Scorekeeping disclaimer: The “Scorekeeping” articles on this blog are not to make libelous claims against anyone for calling out one player for not hustling. It’s an attempt to collect data over a several-year period and take notes on what was said, who said it and why it was said. Before you read this post, know that my intentions aren’t to put the spotlight on broadcasters who use a loaded word, but to see why this word is loaded in our beloved sport and if the claims against it (that terms like “hustle” and “grit” are used primarily in favor of white players and against non-white players) are true.
This isn’t even that scientific of a study and shouldn’t be treated as such.
Read the first Scorekeeping article here and then read the comments for the updates.
Yunel Escobar has been chastised this past week for work ethic, so to update Scorekeeping, here’s what I’ve come across.
Mark Bradley of the Atlanta Journal-Constitution wrote an interesting article about Escobar’s lack of hustle. Consider reading Bradley’s full article:
Escobar got thrown out because he watched the flight of the ball and admired his work, as opposed to running hard. The Braves noticed. The Braves always noticed. As one man in the clubhouse said afterward, exasperation in his voice: “He has been told time and time again.”
About the trade: This isn’t an exchange of equal talent. Alex Gonzalez is a serviceable big-league shortstop who played on a World Series winner with Florida in 2003 and delivered the biggest hit — a walk-off homer in Game 4 — of the Series. He’s 33, which means he’s not a long-term answer.
Maybe you noticed this, but it looks like Bradley had a great opportunity to note how big of a “gamer” A-Gon is or how much “grit” A-Gon has in that second paragraph, yet didn’t.
Read more (much more) after the jump.
Andy Martino of the New York Daily News notes Escobar wasn’t well-liked, from his article “Escobar trade raises divisional, cultural issues.”
This is Bobby Cox’s last year, the Braves are serious contenders, and Escobar is not well-liked on the team because of a persistent lack of hustle. “Bobby hates Escobar,” a Brave told me earlier this season. “Escobar doesn’t have a lot of friends in the clubhouse.”
I’m a little shocked he didn’t cite the anonymous source on the “hustle” part. But then he kinda broke down the fourth wall about this kind of talk:
That made me think about the complaints that white players often lodge off-the-record about their Hispanic colleagues, comments that betray thoughtless acceptance of egeregious stereotypes: they don’t hustle, they show off too much, etc. Jose Reyes has long been disliked by many opponents because of his antics, and the whole “Los Mets” thing prompted much xenophobia from the fan base a few years ago.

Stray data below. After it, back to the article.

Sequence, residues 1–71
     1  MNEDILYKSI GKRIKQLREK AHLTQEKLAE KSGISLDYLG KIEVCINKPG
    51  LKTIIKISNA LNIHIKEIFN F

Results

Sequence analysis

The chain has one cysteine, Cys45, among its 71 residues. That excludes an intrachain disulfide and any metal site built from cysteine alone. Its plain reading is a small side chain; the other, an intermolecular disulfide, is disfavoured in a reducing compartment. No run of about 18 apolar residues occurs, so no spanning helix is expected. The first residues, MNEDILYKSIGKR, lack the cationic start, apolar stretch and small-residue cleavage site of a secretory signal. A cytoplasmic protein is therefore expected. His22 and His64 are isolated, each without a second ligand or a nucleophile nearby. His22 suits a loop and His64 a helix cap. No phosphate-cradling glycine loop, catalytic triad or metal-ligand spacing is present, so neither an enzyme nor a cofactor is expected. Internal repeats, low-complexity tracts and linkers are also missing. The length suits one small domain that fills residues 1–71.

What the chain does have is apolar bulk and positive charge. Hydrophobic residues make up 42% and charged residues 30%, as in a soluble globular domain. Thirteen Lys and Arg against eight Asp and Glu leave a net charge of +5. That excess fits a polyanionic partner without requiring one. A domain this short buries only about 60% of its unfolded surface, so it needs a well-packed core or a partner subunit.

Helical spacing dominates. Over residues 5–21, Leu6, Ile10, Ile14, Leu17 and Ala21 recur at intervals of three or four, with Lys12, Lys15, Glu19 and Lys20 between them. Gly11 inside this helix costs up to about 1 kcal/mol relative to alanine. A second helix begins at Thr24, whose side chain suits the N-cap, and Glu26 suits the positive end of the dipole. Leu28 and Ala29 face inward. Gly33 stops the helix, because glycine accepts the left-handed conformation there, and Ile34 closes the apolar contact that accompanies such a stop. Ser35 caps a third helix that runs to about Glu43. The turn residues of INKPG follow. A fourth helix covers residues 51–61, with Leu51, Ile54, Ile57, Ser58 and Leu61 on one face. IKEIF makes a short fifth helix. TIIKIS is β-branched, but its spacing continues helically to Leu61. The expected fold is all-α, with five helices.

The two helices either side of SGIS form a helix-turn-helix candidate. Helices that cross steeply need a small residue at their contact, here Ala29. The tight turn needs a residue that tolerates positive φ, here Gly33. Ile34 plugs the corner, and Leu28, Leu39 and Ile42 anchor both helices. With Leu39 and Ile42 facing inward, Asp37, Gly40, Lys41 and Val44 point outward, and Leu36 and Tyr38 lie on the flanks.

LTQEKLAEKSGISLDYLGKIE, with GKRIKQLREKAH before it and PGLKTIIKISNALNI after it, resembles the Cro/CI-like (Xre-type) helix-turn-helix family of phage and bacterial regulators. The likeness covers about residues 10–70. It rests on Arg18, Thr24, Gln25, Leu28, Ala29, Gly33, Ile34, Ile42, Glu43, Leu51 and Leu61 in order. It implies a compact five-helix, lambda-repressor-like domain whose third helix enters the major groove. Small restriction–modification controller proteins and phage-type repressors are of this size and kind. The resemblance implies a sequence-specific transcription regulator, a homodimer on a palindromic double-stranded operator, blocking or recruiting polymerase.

There are clearly opposing sets of behavioral norms among baseball players. Many white players value buttoned-down American modesty, a sort of Gary Cooper vibe carried into a new century. This, of course, appeals to many white fans, and creates the impression that anything different is worse.
That is not fair, but it also doesn’t change the fact that Yunel Escobar actually didn’t play hard at times, and was not helping the Braves despite his talent and potential. It is important to remember, though, that his lack of hustle was a personality flaw, not a cultural one. Complicated stuff, but the discussion it inspires is one more reason to find sports interesting.
Way to raise good talking points, Andy.
Phil Sheridan of Philly.com posted something similar today, without the thought-provoking comment that Martino made:
Gonzalez has an uncharacteristically high 17 home runs already this season. Escobar had an absurd and abnormal zero. Gonzalez has driven in 50 runs playing in the pressure-free atmosphere of Toronto. Escobar has driven in just 19 runs. On top of that, he has angered some fans by failing to hustle or play the right way on more than one occasion.
Sheridan went on to say this was a “win-now” move and that Escobar can rebuild his status in Toronto. At least he’s allowing for growth.
And Bob Klapisch of the NorthJersey.com (from The Record of Bergen County, NJ) chimes in.
And don’t underestimate what the Braves’ swap of shortstops will do for the team’s chemistry. The fact that the Braves were willing to deal 27-year Yunel Escobar for Alex Gonzalez, who is six years older, tells you Bobby Cox had finally lost patience with Escobar’s indifference and lack of hustle.
Marlon Byrd was complimented several times over for his play in the All-Star Game this past Tuesday and although it didn’t quite reach the proportions of Escobar’s situation, I’m glad he was appreciated.
Bleed Cubbie Blue, the Chicago Cubs SB Nation blog, took note that the world got to see what Byrd is made of:
Cubs All-Star Marlon Byrd Shows Baseball World His Hustle In NL’s 3-1 Victory
If only everyone played baseball the way Marlon Byrd does.
He hustles on every play. I’ve heard it said that he thinks double every time he gets a clean hit to the outfield. He’s always doing it with a smile on his face. Imagine that — a millionaire professional athlete actually enjoying what he’s doing on the field.
I wouldn’t say BCB is as large-market as what Bob Klapisch or anyone writes for, but that was a good start.
Then we have Carrie Muskat of MLB.com (and more specifically Cubs.com), who added this in her article titled “Cubs seek more sensible second half” published yesterday.
Marlon Byrd also made a good first impression in the first year of his three-year deal with the Cubs, ranking among the NL leaders in batting average, doubles and total hits. His hustle has inspired Alfonso Soriano, who is finally healthy, and back leading the Cubs in home runs.
Good to see him get his due for such great work.